• Aw! UB beat me to the punch.(he’s right on both counts.)

  4. I’ve spent much of my life walking. And I have eaten many eggs, drunk much beef tea and sherry (separately). Never had a woman throw jewellery at me. Maybe I should have started eating oysters.

    • Ah, oysters….. one of the world’s most delicious things!

  5. Walking is done when the TV remote has gone missing?

    • And when I run out of milk

  6. They rant about this big long p- something word at church all the time. It means they already know if you are going to heaven or hell.So it doesn’t matter how you live. But if you don’t try to be good you really go to hell even if you were supposed to go to heaven, You can’t change it but you have to try anyway. Yeah. Pre-something or other.

  7. Did the Yale rugby team win any games ?

    [They look awfy skinny to be rugby players – a good gust of wind would likely knock them off their feet] 🙄

    • It’s the corsetry they’e wearing that makes them look so skinny

  8. People got paid to walk around? And it was thought of as exciting entertainment? Nice work if you can get it.

  9. I would happily earn money from walking but I doubt I am a Captain Barclay!

  10. Very cool to learn the origin of the word “pedestrian”. It makes my feet hurt just thinking about walking for a month straight. Ouch.

  11. Evil Pedestrians! Run the over!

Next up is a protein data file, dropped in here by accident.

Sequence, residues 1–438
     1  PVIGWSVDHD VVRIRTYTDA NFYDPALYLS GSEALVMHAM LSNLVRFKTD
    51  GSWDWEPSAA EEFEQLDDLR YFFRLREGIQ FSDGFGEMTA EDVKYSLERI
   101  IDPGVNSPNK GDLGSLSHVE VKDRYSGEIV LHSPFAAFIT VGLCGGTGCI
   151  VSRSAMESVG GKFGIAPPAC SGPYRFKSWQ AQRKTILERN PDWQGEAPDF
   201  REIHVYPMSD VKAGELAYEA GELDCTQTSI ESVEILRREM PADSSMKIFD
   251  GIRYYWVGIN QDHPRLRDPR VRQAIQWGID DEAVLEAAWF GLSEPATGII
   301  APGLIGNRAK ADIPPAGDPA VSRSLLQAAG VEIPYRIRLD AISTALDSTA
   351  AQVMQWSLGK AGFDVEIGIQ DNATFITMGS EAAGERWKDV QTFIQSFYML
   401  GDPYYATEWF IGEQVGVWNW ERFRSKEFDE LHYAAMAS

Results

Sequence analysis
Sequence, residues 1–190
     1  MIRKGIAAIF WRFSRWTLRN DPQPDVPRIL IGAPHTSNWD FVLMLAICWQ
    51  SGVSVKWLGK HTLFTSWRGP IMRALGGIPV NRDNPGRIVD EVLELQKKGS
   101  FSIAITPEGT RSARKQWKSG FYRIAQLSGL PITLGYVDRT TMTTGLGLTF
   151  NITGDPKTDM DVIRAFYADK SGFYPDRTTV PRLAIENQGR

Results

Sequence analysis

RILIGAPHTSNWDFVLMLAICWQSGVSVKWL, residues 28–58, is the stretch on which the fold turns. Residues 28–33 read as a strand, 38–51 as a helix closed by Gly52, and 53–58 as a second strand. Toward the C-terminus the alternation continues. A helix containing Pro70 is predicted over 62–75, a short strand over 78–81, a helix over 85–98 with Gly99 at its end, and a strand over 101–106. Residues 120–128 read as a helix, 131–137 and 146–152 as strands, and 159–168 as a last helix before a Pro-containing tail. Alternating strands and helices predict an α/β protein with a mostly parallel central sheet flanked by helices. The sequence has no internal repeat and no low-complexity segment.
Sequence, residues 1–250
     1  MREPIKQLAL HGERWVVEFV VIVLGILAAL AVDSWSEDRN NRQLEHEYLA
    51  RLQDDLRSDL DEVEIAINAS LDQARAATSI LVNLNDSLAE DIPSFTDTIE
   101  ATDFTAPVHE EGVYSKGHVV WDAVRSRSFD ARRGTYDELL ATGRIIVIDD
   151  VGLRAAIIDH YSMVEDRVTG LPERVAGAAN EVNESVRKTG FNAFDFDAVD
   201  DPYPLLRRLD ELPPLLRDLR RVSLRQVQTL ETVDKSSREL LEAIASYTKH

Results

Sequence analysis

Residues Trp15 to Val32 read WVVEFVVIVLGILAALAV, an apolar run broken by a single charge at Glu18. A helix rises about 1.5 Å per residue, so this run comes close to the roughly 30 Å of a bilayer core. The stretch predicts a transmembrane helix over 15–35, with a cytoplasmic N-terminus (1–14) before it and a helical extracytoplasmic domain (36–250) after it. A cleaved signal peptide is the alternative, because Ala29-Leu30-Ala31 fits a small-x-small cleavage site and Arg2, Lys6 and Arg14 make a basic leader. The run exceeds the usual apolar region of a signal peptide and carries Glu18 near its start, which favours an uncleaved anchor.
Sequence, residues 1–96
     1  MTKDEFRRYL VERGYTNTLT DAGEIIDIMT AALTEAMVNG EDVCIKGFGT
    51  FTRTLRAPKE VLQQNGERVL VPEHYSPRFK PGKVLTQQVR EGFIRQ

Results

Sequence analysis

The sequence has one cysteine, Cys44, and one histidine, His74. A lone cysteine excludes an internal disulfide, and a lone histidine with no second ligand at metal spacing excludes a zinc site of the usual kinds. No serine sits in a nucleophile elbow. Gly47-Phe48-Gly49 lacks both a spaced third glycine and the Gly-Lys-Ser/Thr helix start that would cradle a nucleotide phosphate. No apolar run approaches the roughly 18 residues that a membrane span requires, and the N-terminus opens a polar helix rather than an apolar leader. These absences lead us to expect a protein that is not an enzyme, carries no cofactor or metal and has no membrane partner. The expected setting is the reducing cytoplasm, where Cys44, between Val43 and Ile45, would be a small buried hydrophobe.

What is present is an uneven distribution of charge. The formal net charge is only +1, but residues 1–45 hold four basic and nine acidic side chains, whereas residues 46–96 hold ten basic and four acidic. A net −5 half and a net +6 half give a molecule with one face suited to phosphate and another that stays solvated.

• Evil Malach! Banish him from the barbecue!

  12. My boots were made for walking and that’s just what they’ll do.

    • And one of these days these boots are gonna walk all over you

  13. how would you wager on a woman walking by herself? “I say she turns left when the track curves – who wants to take ‘right’?”

  14. So, I could get paid for walking Ruby? Some of the fads of the past are simply jaw dropping.

  15. I followed your link and read the whole piece…I still can’t work out the attraction of this as a spectator sport but thanks for enlightening me.

    • I can’t grasp it either.

      • It’s ungraspable Nicole 😦

  16. It’s definitely something to show to anyone who’s put the words “Likes long walks” in a personal ad.

  17. Still more compelling than 99.9% of reality tv.

    • But not as compelling as watching paint dry

  18. Walk around the clock …

  19. Walking competitions? Were the ladies doing it with their tops off? Because I think that’s the only way you’d get me to watch one of them.

    • I’ll walk that way for you RF

  20. The British jockey, Richard Dunwoody, recently completed a charity walk which reprised a famous 19th C bet: to walk 1000miles in 1000hours. To do this meant walking one mile in an hour, resting when completed but doing it all over again in the next hour, 1000 times. Yes, 1000miles was covered – but also about 1000 30minute cat naps! Forty days without a good night’s sleep – don’t think I could have ‘done woody’ after that……

  21. I guess it was better than the previous fad – competitive sitting, also known as stooling. It took years to master the subtle strategies of the sport, but alas, too many contests ended in a tie, and the public quickly moved on to the breathtakingly fast sport of pedestrianism.